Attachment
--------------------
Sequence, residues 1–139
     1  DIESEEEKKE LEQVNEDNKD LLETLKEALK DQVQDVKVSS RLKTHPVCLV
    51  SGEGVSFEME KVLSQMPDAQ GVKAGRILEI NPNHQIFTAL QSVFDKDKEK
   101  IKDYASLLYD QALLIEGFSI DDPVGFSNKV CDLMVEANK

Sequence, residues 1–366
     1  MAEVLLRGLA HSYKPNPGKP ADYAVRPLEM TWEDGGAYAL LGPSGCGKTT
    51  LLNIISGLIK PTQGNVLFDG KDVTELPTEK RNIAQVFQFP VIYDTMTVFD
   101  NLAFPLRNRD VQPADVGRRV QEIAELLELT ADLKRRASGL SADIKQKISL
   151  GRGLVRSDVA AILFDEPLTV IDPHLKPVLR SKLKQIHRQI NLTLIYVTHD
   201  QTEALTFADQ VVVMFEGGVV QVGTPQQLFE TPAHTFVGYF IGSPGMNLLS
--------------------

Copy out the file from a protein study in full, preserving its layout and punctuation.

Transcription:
Sequence, residues 1–139
     1  DIESEEEKKE LEQVNEDNKD LLETLKEALK DQVQDVKVSS RLKTHPVCLV
    51  SGEGVSFEME KVLSQMPDAQ GVKAGRILEI NPNHQIFTAL QSVFDKDKEK
   101  IKDYASLLYD QALLIEGFSI DDPVGFSNKV CDLMVEANK

Sequence, residues 1–366
     1  MAEVLLRGLA HSYKPNPGKP ADYAVRPLEM TWEDGGAYAL LGPSGCGKTT
    51  LLNIISGLIK PTQGNVLFDG KDVTELPTEK RNIAQVFQFP VIYDTMTVFD
   101  NLAFPLRNRD VQPADVGRRV QEIAELLELT ADLKRRASGL SADIKQKISL
   151  GRGLVRSDVA AILFDEPLTV IDPHLKPVLR SKLKQIHRQI NLTLIYVTHD
   201  QTEALTFADQ VVVMFEGGVV QVGTPQQLFE TPAHTFVGYF IGSPGMNLLS